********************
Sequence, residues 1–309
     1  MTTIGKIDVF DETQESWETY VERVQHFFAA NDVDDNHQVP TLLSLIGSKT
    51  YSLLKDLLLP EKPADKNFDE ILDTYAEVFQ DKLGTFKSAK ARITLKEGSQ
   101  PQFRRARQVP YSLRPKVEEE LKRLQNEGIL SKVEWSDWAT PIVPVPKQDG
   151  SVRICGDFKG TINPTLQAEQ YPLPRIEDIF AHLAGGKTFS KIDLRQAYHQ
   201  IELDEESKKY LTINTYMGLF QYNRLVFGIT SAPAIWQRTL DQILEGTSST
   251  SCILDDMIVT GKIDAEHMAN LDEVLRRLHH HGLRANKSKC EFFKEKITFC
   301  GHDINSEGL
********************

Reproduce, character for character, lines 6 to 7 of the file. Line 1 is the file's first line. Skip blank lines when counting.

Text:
   201  IELDEESKKY LTINTYMGLF QYNRLVFGIT SAPAIWQRTL DQILEGTSST
   251  SCILDDMIVT GKIDAEHMAN LDEVLRRLHH HGLRANKSKC EFFKEKITFC